12/17/2014 8:25:00 AM
I was invited to London last week for an OIX/GSMA function to present our recent whitepaper on the ARPU of Identity. While there was definitely interest in the ARPU-I model I received the most comments and had the most post-session conversations about the paper’s challenges section on consumer consent. The problem with consumer consent’s current status is that consent is analog. It is subjective. Consent needs to be digital and objective. Without this transition, consumer consent can never be interoperable.
Interoperability matters. Currency works because exchange rates are standardized and use of “money” is interoperable.
The internet works because the IP protocol on which it is based is standardized and interoperable by multiple parties. Credit cards work because the banks agree on network transactional standards like those from Visa and MasterCard. If every bank built their own protocol and used their own proprietary transaction structure, credit would not be interoperable and, therefore, what would be the point of it. So when something is interoperable its use can be broadened from one or two parties to many. Hence, interoperability is the ‘ante’ for scalability.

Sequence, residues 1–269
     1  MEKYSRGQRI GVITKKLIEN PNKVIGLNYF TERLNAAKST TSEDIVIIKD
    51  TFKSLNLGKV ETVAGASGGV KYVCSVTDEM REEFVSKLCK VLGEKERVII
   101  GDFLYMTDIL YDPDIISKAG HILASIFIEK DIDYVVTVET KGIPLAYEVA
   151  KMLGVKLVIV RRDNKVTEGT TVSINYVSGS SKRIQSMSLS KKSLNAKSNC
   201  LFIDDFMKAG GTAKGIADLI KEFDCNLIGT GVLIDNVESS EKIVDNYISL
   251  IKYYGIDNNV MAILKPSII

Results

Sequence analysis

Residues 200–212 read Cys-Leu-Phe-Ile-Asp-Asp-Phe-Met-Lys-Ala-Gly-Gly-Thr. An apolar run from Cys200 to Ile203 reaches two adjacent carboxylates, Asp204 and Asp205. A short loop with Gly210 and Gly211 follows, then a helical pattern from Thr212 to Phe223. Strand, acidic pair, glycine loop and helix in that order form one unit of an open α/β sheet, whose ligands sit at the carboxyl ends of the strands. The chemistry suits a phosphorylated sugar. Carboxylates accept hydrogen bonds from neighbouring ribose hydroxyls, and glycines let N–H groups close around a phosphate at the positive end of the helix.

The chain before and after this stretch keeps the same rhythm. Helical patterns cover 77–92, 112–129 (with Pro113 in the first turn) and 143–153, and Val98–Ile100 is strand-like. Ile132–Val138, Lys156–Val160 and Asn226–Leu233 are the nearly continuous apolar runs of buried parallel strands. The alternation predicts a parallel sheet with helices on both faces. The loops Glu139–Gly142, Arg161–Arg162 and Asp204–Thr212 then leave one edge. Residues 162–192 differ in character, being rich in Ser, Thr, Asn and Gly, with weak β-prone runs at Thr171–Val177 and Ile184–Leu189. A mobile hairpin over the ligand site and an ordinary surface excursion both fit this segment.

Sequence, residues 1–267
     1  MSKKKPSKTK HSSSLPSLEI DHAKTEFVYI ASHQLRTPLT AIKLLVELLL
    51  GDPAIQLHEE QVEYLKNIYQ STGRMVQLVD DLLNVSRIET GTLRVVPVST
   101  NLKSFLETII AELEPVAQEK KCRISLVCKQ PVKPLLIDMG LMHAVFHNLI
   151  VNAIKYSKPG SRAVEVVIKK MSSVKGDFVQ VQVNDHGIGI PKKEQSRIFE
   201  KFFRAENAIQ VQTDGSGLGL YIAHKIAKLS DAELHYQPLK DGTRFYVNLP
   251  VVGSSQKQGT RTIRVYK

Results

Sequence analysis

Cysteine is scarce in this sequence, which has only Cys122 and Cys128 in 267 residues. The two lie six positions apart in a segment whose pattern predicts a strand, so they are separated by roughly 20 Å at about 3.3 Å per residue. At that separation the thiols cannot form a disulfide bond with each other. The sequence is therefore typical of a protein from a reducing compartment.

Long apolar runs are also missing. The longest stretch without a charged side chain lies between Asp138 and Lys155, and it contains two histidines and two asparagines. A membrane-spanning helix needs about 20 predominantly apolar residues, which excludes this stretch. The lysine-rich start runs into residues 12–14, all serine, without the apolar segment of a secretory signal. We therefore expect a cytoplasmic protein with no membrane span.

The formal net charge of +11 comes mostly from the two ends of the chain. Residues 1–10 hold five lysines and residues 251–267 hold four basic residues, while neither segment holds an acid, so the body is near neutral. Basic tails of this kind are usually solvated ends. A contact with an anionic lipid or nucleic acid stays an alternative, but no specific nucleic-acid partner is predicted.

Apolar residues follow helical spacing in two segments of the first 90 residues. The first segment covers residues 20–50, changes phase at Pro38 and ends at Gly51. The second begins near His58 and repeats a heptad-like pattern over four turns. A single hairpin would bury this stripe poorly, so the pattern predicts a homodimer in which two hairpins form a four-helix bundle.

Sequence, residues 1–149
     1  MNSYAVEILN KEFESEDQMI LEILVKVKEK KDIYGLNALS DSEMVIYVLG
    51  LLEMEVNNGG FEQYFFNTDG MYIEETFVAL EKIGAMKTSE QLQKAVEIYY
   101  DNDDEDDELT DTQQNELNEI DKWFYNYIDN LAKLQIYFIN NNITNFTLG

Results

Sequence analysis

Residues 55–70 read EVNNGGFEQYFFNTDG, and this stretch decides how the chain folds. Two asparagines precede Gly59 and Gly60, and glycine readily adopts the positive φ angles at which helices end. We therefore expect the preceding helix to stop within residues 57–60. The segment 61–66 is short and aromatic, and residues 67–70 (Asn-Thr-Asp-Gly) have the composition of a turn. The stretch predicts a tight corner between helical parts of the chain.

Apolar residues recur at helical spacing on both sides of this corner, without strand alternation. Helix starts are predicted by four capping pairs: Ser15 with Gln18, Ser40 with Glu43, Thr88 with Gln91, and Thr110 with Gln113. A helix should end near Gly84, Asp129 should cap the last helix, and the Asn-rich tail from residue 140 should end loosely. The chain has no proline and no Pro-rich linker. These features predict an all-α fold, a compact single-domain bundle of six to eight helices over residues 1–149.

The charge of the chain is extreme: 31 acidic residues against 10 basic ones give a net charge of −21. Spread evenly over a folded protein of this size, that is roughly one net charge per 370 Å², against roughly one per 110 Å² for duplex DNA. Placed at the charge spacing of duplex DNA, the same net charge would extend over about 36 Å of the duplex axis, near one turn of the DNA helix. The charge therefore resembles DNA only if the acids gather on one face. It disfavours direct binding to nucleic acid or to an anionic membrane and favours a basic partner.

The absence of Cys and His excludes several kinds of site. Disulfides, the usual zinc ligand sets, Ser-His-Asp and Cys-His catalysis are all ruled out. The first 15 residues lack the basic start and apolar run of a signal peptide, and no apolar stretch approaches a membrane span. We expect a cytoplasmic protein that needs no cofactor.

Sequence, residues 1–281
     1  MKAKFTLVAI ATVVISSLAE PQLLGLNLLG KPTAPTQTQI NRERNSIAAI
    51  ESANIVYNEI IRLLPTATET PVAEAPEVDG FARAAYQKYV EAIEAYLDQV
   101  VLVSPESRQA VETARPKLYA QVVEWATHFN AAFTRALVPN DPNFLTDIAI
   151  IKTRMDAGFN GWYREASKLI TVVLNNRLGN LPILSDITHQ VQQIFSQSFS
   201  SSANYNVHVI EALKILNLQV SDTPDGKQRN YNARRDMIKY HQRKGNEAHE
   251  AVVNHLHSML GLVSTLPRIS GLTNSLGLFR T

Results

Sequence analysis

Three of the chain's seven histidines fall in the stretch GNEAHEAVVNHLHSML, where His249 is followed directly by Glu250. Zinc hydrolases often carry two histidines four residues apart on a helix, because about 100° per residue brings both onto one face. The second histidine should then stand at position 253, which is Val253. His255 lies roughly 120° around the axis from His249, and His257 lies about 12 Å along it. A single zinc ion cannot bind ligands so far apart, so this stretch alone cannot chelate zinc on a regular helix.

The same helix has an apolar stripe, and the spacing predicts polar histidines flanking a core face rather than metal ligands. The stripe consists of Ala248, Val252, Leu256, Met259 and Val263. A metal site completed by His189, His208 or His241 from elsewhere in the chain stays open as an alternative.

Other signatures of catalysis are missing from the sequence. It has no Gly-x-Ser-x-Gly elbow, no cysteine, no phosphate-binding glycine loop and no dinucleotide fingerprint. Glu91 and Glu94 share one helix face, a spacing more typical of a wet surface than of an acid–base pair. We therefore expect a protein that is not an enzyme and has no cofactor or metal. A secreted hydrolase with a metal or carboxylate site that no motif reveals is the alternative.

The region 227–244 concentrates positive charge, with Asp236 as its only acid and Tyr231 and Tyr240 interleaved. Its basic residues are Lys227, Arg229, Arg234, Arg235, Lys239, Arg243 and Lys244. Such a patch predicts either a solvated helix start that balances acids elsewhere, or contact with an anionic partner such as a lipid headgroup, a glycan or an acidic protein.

The parts of consumer consent that must be interoperable are identity (who the consumer is) and permission (what the consumer is allowing). For any transaction to work multiple entities must know they are talking about the same thing. This “same thing” can be the same consumer granting consent, or the same entity to whom consent is being granted, or the same permission to perform the same kind of function like preventing fraud or allowing their information to be used for a particular purpose. But that’s not what we have now. We have proprietary consent; everyone writes their own rules and interprets them subjectively. Unfortunately, as long as everyone writes their own consent verbiage into their own contracts and decides what consent means to them and what their particular definition is of a consumer, or of what a consumer’s permission is and means, we will continue to live in this dark age of consent where everyone’s definitions are their own.
I hear many privacy experts talking about how badly consent is managed, but it’s not going to improve until there is a common, digital language that allows those who collect consent to know what is required and those who require consent to know what has been collected. As I saw in London, it’s clear that many are starting to see consent interoperability as the new challenge now that we have at least a semblance of some structure around how authentication and credentialing can be interoperable. Hopefully it won’t take us another 10 years to figure this out.